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‘Survivor’ strategies are shifting

The older men on  "Survivor Vanuatu" have been picking off the young, strong competitors, which hasn't been done much in seasons before.
/ Source: contributor

"Survivor Vanuatu" has been a lot of the same so far: Same-sex tribes, just like in "Survivor Amazon." A tropical island location, just like nearly every other season. Bickering tribemates. Jeff Probst in a button-up short-sleeve shirt. Earthquakes that shake the ground and cause the camera crews to flail their cameras around wildly, producing nausea-inducing footage. (Okay, maybe some things have changed.)

What definitely hasn’t been the same, though, is the game play, the human interaction and strategizing that makes true "Survivor" fans drool all over their buffs.

This season, every time Lopevi, the men’s tribe, went to tribal council, something strange happened: an alliance in the tribe picked off a member of a smaller alliance, voting them off one by one.

That’s typical behavior, but this time, the targets were the stronger, younger tribe members who could help their tribe win physically demanding reward and immunity challenges. After each vote, Jeff Probst often wasn’t able to contain his horror over the decisions these apparently mindless twits kept making, and many viewers agreed with him. What were these men thinking?

With some exceptions, the tribes in earlier seasons have traditionally voted their weakest link off the island, thus increasing the odds that the tribe could survive until the two groups merged. Then, the tribe would stick together and try to pick off members of the other tribe. On the surface, that strategy makes sense; there’s strength in numbers.

Inevitably, though, one of the stronger individuals would dominate the individual immunity challenges, barreling through to the very end. Unless they were allied with a tough teammate ("Survivor Australia" Tina’s alliance with Colby), the weak generally had no chance to make it to the very end.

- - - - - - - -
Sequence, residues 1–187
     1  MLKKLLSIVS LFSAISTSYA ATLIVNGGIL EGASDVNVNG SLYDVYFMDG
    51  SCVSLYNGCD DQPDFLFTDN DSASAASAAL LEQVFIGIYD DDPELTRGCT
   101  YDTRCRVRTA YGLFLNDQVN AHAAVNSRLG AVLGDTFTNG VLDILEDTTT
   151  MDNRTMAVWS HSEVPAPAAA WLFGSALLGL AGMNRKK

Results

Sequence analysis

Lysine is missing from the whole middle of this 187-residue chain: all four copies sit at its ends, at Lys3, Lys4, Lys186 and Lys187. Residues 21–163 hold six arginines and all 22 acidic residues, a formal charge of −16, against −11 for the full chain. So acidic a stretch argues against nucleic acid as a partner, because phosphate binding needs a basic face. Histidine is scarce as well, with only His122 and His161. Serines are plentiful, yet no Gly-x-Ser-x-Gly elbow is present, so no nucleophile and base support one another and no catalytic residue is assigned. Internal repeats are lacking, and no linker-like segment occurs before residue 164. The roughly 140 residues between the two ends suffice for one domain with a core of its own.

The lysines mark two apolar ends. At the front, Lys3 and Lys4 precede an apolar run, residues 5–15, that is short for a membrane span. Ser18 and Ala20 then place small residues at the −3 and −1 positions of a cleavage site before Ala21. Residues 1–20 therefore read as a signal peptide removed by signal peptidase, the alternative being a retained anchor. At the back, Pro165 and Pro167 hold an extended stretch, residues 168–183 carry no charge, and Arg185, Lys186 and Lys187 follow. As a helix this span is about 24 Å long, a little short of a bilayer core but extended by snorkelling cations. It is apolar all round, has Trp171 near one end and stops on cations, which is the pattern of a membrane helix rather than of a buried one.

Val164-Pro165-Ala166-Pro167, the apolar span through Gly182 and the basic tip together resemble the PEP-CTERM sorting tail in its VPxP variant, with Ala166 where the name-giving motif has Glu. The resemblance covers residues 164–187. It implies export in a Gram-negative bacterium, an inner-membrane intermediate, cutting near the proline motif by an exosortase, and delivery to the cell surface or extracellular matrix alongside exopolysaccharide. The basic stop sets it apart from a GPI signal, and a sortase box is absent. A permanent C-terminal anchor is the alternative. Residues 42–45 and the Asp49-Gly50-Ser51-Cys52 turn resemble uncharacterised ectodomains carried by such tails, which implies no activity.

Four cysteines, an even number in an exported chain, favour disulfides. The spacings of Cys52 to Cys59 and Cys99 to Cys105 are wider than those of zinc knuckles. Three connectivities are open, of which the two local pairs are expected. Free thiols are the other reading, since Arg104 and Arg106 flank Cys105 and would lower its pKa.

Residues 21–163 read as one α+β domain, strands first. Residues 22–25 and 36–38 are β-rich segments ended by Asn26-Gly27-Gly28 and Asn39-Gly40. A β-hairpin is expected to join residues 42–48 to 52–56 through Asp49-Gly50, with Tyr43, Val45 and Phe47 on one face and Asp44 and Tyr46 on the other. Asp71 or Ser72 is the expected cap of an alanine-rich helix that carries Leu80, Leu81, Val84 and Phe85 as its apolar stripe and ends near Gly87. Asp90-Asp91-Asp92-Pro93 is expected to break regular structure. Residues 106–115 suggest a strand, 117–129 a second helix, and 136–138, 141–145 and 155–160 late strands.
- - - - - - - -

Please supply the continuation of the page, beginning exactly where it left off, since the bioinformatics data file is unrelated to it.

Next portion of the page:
Thinking ahead
Thus, if the goal is to make it to day 39, voting off the weakest tribe members is the "Survivor" equivalent of stabbing yourself in the back; instead, it makes sense to get rid of those who will ultimately be your competition.

That’s exactly what the older men have been doing on "Survivor Vanuatu." They’re thinking long-term, and it’s rather brilliant, the sort of smart gameplay viewers have always wanted the contestants to demonstrate.

But now that it’s here, it's not really exciting to watch, as the mostly fat hairy old men systematically vote out the hot young guys, increasing their own chances in the endgame as they destroyed their tribe’s chances for success, never mind its aesthetics.

Tribe shakeupWhen the tribes were shuffled on the Oct. 14 show, there was a possibility that game play would shift. But it didn’t. Once the contestants were split into mixed-sex tribes, viewers quickly realized that most everyone intended to retain the original male-female alliances as a way to help themselves advance to the merge.

Ami didn’t even want to share her tribe’s deepest secret — how to open a coconut — with her new Yasur tribemates Bubba and Rory, thinking of them as the enemy.

As it turns out, she was right. At the immunity challenge, Bubba signaled to his friend Chris on the other team, reminding him that sticking together until the merge was still their goal. Because he’s an idiot, Bubba’s super-secret signal consisted of him saying out loud, “Chris! Think about the merge!” After his tribe lost immunity, Bubba’s confession that he didn’t really have any love for his new tribe gave the women plenty of reason to get rid of him. And they did.

But the five women had help from Bubba’s former buddy Rory, who voted against his tribemate. Despite a touching moment of prayer and hugging before they took the walk of shame to face Jeff Probst, Bubba also voted against his friend. When both Bubba and Rory realized they were on the line, they quickly turned against each other, abandoning the original tribal alliance that they’d assumed would help them make it further in the game. Their allegiance to each other disappeared because it was no longer in their own best interest.

In a textbook example of irony, Bubba became a target because he tried to stay together with his previous team, but then he turned against that team when he knew his butt was about to be shipped to loser island. And the women adopted the men’s tribe’s endgame strategy and voted off a man, even though they know physical strength will likely play a role in future challenges.

This time, everyone is playing to make it to the end. That makes sense, because on Survivor, all that matters is you. It’s just surprising it took nine seasons for everyone to realize that.

Andy Dehnart  is a writer and teacher who publishes , a daily summary of reality TV news.